The Fall Issue | 2023

The Fall Issue | 2023

Herewith, we present you our Fall Issue, a wonderful harvest of poems, short stories, novel excerpts, interviews, and reviews from the many hundreds of submissions we’ve received. Check back daily throughout November for great new writing selected by our editors.

Books in Brief

Books in Brief

Eight recent volumes of poetry, prose, and photography, reviewed by our editors

Stefanie Kirby

Stefanie Kirby

My body opens like a highway sinkhole. It’s a baby someone shouts and I know they are wrong. It’s a baby I shout, still wrong.

Zuska Kepplová

Zuska Kepplová

We each have a role. I am the storyteller. She is the muse. She’s Romanian. She looks like a Gypsy. A beautiful Gypsy. She says that if it gave her more cachet in the academic world, she’d gladly say she’s a Gypsy.

Jennifer L Freed

Jennifer L Freed

We’ve worked / for this / intimacy—
/ me, letting go / of my need / to know, //  you, trusting me / to let you / be.

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The Fall Issue | 2023

The Fall Issue | 2023

Herewith, we present you our Fall Issue, a wonderful harvest of poems, short stories, novel excerpts, interviews, and reviews from the many hundreds of submissions we’ve received. Check back daily throughout November for great new writing selected by our editors.

Read the Editorial »

Clint Margrave

We are in bed talking about Queen Elizabeth’s death / and the ascendance of Charles to the throne. / “They should have made me king,” I say. / “You?” she says. “You’re too lazy to be king.”

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Zuska Kepplová

We each have a role. I am the storyteller. She is the muse. She’s Romanian. She looks like a Gypsy. A beautiful Gypsy. She says that if it gave her more cachet in the academic world, she’d gladly say she’s a Gypsy.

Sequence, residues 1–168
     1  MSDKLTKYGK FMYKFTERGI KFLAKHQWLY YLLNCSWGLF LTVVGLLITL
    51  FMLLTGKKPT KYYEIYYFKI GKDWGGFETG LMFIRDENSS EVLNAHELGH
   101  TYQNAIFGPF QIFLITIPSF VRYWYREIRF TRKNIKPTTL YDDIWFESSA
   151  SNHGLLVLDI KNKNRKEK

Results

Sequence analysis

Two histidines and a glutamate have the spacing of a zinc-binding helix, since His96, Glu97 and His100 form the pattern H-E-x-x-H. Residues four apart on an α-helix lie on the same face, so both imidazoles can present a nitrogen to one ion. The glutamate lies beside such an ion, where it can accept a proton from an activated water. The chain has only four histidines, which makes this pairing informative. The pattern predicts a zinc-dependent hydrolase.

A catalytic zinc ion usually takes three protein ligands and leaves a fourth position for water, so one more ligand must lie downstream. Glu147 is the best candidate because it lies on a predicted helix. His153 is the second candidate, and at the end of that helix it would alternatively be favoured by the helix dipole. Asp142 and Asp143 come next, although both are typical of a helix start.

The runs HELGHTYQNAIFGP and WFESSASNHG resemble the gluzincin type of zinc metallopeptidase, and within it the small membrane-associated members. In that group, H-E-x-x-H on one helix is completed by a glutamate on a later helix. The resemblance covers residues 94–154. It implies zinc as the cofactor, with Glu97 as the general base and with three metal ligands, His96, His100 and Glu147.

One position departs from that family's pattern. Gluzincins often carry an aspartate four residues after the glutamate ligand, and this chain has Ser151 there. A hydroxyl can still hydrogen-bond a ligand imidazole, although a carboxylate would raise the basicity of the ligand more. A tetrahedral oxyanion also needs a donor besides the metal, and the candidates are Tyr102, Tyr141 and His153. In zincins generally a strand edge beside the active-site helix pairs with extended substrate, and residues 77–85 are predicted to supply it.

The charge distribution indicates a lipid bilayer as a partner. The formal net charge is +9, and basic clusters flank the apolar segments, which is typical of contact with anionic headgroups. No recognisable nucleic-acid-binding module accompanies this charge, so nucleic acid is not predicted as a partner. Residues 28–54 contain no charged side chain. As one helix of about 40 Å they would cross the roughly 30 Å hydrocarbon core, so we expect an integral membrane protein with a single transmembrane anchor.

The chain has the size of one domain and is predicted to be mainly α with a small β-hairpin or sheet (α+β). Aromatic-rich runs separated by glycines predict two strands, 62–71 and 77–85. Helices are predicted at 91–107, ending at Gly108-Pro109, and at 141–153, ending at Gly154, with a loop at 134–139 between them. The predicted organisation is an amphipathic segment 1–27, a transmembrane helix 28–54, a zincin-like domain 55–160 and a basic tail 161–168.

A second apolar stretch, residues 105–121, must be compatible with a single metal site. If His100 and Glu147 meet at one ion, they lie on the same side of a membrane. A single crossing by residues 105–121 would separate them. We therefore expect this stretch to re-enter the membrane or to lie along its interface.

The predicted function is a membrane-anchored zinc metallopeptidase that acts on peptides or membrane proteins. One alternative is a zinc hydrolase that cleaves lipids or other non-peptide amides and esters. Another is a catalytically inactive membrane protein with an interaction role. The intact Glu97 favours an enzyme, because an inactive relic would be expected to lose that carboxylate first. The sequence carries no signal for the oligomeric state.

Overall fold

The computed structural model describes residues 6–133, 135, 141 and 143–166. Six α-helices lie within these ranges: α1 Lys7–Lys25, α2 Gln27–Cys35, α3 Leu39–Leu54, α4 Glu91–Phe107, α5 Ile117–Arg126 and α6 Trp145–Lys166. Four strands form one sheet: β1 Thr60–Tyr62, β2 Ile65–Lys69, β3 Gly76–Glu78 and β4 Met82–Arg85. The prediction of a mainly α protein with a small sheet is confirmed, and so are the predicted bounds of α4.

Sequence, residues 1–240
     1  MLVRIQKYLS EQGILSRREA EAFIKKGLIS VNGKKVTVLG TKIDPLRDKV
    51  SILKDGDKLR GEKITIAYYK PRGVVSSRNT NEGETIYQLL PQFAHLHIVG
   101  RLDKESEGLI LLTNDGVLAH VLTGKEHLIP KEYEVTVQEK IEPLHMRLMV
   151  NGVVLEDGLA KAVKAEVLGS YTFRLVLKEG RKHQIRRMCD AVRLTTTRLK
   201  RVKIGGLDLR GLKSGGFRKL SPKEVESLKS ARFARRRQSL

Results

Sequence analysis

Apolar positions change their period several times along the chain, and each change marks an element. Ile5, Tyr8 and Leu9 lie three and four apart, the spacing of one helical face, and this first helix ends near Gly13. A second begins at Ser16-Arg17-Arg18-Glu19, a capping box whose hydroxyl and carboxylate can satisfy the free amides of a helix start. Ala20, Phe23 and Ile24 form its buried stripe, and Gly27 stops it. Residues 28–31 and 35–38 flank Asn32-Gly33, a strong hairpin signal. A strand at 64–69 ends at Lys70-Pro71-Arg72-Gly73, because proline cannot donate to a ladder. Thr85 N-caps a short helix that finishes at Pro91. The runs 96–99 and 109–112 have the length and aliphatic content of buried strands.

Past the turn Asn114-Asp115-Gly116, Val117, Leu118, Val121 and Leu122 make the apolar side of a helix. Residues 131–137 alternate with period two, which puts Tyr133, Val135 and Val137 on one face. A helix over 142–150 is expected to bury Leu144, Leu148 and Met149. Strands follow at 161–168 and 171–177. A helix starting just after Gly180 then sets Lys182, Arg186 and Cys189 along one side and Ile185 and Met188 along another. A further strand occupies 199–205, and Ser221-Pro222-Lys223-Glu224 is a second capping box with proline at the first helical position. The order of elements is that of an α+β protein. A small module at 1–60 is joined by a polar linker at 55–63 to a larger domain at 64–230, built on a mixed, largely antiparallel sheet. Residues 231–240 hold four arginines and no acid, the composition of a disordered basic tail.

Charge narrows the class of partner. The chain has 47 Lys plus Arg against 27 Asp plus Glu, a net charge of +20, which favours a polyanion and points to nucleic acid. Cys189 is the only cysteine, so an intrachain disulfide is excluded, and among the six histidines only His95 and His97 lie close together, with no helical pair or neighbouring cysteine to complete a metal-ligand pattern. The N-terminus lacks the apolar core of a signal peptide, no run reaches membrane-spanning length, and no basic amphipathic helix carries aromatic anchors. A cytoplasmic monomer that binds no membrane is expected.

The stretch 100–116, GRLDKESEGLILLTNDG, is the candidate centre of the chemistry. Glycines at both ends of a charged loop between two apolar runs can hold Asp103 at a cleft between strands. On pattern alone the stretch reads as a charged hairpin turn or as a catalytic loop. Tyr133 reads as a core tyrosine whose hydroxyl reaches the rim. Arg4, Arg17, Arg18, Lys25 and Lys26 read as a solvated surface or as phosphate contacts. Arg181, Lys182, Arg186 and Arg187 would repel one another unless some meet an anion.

Read Now »

Benjamin K. Herrington

I asked her if it was strange that sometimes he’d rub and stroke my almost sunburned unshirted shoulders, tousle my hair, offer me a drag off his smoke, and then tell me a dirty joke, or a story about eating pussy. I asked her if this was something that should concern me.

Read Now »

Stefanie Kirby

My body opens like a highway sinkhole. It’s a baby someone shouts and I know they are wrong. It’s a baby I shout, still wrong.

Jennifer L Freed

We’ve worked / for this / intimacy—
/ me, letting go / of my need / to know, //  you, trusting me / to let you / be.

Gloria Heffernan

Why do they want to see pictures / of what they looked away from / in disgust?

Daniel Brennan

People never want to leave the party, do they? Drinks full, lips / red, lies told to the point of truth. We’re waiting out the silence.

Alyssa Froehling

I’m a fair sacrifice. Steel tools pass in and out of me / like parishioners through the threshold / of a heavy door.  My flesh holds too much / that I cannot see.

Zuska Kepplová

We each have a role. I am the storyteller. She is the muse. She’s Romanian. She looks like a Gypsy. A beautiful Gypsy. She says that if it gave her more cachet in the academic world, she’d gladly say she’s a Gypsy.

Gustáv Reuss

Everything seemed set for the trip to the Moon when the prudent Krutohlav, still lost in contemplation of the whole enterprise, imagined yet more problems that stood in his way.